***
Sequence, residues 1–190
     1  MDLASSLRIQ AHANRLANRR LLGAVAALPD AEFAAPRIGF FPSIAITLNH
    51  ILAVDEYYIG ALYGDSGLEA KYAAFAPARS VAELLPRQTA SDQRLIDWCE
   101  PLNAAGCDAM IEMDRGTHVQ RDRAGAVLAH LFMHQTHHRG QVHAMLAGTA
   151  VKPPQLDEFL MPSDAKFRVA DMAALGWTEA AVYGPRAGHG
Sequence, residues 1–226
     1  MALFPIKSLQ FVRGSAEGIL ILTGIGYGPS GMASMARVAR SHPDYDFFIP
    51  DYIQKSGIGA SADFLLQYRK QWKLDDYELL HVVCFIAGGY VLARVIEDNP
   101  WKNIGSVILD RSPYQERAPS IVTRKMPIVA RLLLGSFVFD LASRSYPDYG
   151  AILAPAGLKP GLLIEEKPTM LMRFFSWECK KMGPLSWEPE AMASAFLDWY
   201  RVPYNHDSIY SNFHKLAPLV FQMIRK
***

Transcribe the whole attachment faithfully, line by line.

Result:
Sequence, residues 1–190
     1  MDLASSLRIQ AHANRLANRR LLGAVAALPD AEFAAPRIGF FPSIAITLNH
    51  ILAVDEYYIG ALYGDSGLEA KYAAFAPARS VAELLPRQTA SDQRLIDWCE
   101  PLNAAGCDAM IEMDRGTHVQ RDRAGAVLAH LFMHQTHHRG QVHAMLAGTA
   151  VKPPQLDEFL MPSDAKFRVA DMAALGWTEA AVYGPRAGHG
Sequence, residues 1–226
     1  MALFPIKSLQ FVRGSAEGIL ILTGIGYGPS GMASMARVAR SHPDYDFFIP
    51  DYIQKSGIGA SADFLLQYRK QWKLDDYELL HVVCFIAGGY VLARVIEDNP
   101  WKNIGSVILD RSPYQERAPS IVTRKMPIVA RLLLGSFVFD LASRSYPDYG
   151  AILAPAGLKP GLLIEEKPTM LMRFFSWECK KMGPLSWEPE AMASAFLDWY
   201  RVPYNHDSIY SNFHKLAPLV FQMIRK